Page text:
Thomas Harding was the lone engineer on the train, which was carrying crude oil from North Dakota to an oil refinery in New Brunswick. Mr. Harding took control of the train in Montreal.

Late in the evening of July 5, he stopped for the night in Nantes, a hamlet uphill from Lac-Mégantic, and parked his train on the mainline.

Though exhausted after the journey, Mr. Harding took the laborious step of setting the mechanical hand brakes — a train’s version of an automobile parking brake — on the five lead locomotives, an equipment car and an empty boxcar.

That was the first big mistake. Investigators calculated that Mr. Harding should have also secured the hand brakes on 18 to 26 of the tank cars before retiring to his hotel.

But the corner cutting by the solo worker initially didn’t matter. The train stayed put because he had also applied air brakes on the locomotives. Not long after he left, however, a small fire broke out in the lead locomotive. A fire crew extinguished it and, following the railway’s instructions, shut down the engine.

That was the second big mistake. Turning off the lead engine also cut off the brakes’ air compressor, eliminating the pneumatic pressure needed to keep the brakes applied. When the brakes ultimately released about an hour after midnight, the train began rolling downhill for seven miles to Lac-Mégantic, gaining speed all the way.

Mayor Julie Morin with a plan for the reconstruction of downtown Lac-Mégantic.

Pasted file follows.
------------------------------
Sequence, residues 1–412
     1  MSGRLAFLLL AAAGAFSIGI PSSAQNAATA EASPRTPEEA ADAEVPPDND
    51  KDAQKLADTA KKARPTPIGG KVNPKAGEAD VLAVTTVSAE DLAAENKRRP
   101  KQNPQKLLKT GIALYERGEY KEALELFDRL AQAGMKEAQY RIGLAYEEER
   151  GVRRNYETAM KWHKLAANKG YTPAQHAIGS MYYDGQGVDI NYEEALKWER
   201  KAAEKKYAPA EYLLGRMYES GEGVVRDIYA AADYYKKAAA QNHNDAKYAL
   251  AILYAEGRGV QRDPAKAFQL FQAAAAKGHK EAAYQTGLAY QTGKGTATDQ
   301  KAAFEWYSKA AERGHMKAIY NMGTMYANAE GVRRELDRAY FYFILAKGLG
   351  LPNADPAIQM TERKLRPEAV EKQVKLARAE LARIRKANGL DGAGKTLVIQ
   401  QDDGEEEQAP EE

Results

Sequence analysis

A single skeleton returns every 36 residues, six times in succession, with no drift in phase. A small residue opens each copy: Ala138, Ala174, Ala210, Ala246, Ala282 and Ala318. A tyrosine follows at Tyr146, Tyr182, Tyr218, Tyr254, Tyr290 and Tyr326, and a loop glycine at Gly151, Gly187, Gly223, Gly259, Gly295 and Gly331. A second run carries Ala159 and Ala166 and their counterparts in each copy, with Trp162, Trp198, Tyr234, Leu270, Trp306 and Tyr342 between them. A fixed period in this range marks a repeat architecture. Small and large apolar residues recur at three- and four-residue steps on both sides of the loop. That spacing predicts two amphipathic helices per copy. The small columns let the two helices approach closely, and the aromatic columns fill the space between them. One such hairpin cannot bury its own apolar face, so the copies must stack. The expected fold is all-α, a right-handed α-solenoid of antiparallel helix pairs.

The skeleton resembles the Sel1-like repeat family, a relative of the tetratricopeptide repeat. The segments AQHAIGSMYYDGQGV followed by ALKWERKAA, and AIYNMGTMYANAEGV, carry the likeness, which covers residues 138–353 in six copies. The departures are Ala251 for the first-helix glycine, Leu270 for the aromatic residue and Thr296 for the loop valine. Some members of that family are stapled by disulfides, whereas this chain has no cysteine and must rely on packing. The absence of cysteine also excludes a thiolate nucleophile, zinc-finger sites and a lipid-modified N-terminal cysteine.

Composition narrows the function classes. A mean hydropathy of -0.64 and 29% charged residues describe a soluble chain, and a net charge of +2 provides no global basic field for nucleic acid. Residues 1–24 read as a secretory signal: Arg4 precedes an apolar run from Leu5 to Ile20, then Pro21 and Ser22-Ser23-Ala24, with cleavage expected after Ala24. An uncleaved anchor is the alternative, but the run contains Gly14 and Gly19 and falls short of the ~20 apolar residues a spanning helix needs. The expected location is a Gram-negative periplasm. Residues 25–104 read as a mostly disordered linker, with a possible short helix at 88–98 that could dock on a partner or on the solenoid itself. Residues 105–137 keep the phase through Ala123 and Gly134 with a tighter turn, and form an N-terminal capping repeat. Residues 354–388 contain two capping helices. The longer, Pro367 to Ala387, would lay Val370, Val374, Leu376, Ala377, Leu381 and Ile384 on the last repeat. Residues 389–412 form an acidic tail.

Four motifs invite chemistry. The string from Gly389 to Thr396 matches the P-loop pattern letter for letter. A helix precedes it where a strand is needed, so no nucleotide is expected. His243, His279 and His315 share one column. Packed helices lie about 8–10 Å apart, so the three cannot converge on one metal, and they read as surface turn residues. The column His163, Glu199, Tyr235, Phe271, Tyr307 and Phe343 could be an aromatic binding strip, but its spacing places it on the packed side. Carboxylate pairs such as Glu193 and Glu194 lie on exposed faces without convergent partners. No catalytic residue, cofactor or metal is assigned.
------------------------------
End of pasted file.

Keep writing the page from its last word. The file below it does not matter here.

Mayor Julie Morin with a plan for the reconstruction of downtown Lac-Mégantic. Credit Ian Willms for The New York Times
WHAT WE FOUND

Recurring Runaways

Making sure that no one now operates a train alone was applauded by safety experts. But requiring multiple crew members is no guarantee runaway trains won’t happen.

The number of runaway trains in Canada has increased by about 10 percent over the last decade, with 62 trains taking off on their own in 2017. In February, three Canadian Pacific employees died when a runaway train that had been parked on a mountain slope in British Columbia flew off a bridge.

Hand brakes have not evolved all that much since the 19th century, and applying them is slow, backbreaking work.

“Hand brakes are good,” said Ms. Fox. “But they need to have some other defense, because hand brakes can be defective.”

There’s little sign, however, that Canadian railways are adopting new technologies, like electronically controlled brakes, that have the potential to stop runaway trains.

Much of Lac-Mégantic remains a wasteland.
Much of Lac-Mégantic remains a wasteland. Credit Ian Willms for The New York Times
WHAT WE FOUND

A Barren, Devastated Downtown

The fuel explosion that took 47 lives also destroyed 40 buildings in Lac-Mégantic, a resort and industrial town abutting a scenic lake.